Wine: Bringing People Together For Millenia


Saturday and blog posts go together like Bota Box Moscato and coconut rum, don’t you think (recipe)? For real though, where have I been?! It’s been a busy few weeks here at Wine Nook. We went to a local festival here in Kingsport, Tennessee, and now we’re gearing up for the Asheville Wine & Food Festival next Saturday! Make sure you come say hi to Team Wine Nook if you happen to be in Western North Carolina next weekend! Now, onto today’s topic. All this talk of festivals has made us wonder, how did our ancestors come up with a celebration totally focused on funtime grape juice?


To start, we’ve already talked a little about wine’s history in a previous post here. This post was all about the history of wine portability, leading up to today and our boxed wine obsession ;). Today’s post, however, is all about the wine festival. Festivals came about because the ancient cultures saw wine as the SUPREME drink, and the Greeks were the ones who really got the party started. They thought the height of society was sitting around, drinking wine, and chatting–not a shabby way to spend your day. Their festival was in honor of Dionysus, god of wine and the grape-harvest, fitting right?


The Dionysia festivals consisted of theatrical performances, dancing, and singing. Held in Athens, this event was one of the largest festivals in Greece. Now here’s the catch, these festivals didn’t last just one weekend in July. No. The Dionysia was a collection of four observances that lasted December through April.1 Sound excessive? Probably. Yet, as we know, that pales in comparison to the Romans.


Obviously Rome had it’s own way(s) of celebrating wine. Quite a few of them, actually. For the sake of our sanity, I’ve made a convenient, bulleted (and highly condensed) list:

  • Vinalia
    • Roman festivals of the wine harvest.
    • The prima (April 23) celebrated the last year’s wine harvest and asked for good weather until the next harvest.
    • The rustica (August 19) celebrated the harvest, growth, and fertility.
  • Liberalia
    • (March 17) celebrated the maturation of young men.
    • Named in honor of Liber Pater, a god of fertility and wine.
  • Bacchanalia
    • A collection of festivals that supposedly celebrated the “ecstatic elements of life.”
    • Controversial rites were said to have occurred at these festivals.
    • This festival was said to have been not at all the peaceful celebrations of wine we have today.


Ah, Rome, only you.


Fast forward to the new world! Pilgrims knew the only thing they needed to bring with them for a proper party was the purple party drink. In fact, wine was present at the first Thanksgiving. We also established in the previous history less-ahem, blog post-priests and missionaries carried wine with them when on their journeys. Over time, these groups would settle down and start planting grapes (and other plants too, helping to start the agriculture industry of the USA, but I digress). Thus began the first wineries of the new world! Now, what does this have to do with festivals?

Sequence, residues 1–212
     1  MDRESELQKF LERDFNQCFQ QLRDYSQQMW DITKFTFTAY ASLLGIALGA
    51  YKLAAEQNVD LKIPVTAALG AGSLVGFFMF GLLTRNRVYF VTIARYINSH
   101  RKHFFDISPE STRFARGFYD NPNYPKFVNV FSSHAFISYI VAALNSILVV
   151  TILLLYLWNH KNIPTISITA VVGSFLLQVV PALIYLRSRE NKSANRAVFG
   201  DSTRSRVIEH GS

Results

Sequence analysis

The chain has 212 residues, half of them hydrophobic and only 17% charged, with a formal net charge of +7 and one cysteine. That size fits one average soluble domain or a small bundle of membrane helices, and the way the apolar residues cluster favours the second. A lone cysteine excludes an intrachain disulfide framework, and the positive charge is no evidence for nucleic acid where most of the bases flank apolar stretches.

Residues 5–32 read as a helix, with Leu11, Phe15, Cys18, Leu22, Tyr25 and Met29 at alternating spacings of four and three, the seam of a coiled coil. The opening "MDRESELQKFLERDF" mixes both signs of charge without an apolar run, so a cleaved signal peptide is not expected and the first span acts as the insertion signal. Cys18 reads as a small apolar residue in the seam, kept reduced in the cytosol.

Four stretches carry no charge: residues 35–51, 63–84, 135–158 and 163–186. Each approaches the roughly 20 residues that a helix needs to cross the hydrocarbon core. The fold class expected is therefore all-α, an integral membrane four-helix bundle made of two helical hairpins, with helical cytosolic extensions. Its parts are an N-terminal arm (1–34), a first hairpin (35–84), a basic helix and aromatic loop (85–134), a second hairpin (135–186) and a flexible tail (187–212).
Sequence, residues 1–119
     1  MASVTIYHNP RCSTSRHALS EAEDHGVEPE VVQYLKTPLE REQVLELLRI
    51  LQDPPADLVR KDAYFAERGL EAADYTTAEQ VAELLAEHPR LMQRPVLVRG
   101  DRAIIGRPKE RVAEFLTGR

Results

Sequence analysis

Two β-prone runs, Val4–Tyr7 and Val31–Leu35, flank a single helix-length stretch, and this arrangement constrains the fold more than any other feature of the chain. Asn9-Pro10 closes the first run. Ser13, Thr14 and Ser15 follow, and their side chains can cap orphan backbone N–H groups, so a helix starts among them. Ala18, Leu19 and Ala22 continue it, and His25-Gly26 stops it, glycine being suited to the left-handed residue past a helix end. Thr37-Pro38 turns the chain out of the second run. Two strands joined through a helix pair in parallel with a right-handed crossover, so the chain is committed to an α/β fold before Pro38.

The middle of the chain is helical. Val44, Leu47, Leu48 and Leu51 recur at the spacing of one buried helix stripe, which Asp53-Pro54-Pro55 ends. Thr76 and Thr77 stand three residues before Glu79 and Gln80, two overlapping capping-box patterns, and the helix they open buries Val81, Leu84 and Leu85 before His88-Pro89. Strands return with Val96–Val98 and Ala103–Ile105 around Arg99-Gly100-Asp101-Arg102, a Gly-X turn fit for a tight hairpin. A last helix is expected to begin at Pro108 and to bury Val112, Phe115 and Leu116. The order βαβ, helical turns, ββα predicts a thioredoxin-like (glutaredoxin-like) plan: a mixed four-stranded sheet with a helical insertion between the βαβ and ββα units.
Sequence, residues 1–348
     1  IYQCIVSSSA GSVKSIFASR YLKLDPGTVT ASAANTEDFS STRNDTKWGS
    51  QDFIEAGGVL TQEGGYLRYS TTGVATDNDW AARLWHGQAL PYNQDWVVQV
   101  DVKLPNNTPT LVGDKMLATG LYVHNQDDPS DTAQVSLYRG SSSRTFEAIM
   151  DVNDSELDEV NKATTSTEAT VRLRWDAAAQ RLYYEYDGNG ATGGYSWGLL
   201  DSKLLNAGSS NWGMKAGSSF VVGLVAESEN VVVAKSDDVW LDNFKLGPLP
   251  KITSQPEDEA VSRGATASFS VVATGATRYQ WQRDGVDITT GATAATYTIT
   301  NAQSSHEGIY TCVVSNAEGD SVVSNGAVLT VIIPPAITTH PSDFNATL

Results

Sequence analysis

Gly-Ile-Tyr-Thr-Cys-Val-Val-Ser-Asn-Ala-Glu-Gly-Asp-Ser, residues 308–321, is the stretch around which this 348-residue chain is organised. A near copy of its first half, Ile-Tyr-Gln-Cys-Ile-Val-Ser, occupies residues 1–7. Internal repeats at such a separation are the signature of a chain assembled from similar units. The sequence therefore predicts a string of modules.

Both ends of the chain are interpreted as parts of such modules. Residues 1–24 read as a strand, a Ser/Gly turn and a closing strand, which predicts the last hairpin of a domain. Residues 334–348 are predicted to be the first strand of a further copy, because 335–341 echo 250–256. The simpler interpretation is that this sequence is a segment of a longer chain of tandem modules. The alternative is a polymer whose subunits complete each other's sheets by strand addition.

This idea of large groups collectively drinking wine in one place is not necessarily a measure of an individual’s wealth, but moreso an indicator of the wealth of a nation. Wine wasn’t considered a luxury in ancient Greece and Rome in the way that we consider it today. The poorest of the poor could still afford their daily wine. Priorities, right? A nation that had the ability to throw these huge wine celebrations meant that they also had the population and agriculture (i.e. grapes) to sustain an event like this.

This means that while the pilgrims could enjoy wine on their own, there weren’t enough people or resources (nor was it their priority, I’m sure) to throw a huge wine party every year. As the U.S. grew over the centuries, wineries flourished, and the surplus of grapes and people created a market for things like wine and food festivals. Recent history saw wineries themselves hosting festivals. Now, nearly every region in the United States has their own version of a wine festival!


So, basically the pilgrims have no idea what they’re missing out on in Asheville next week.



1.  https://www.cndp.fr/archive-musagora/dionysos/dionyosen/fetes.htms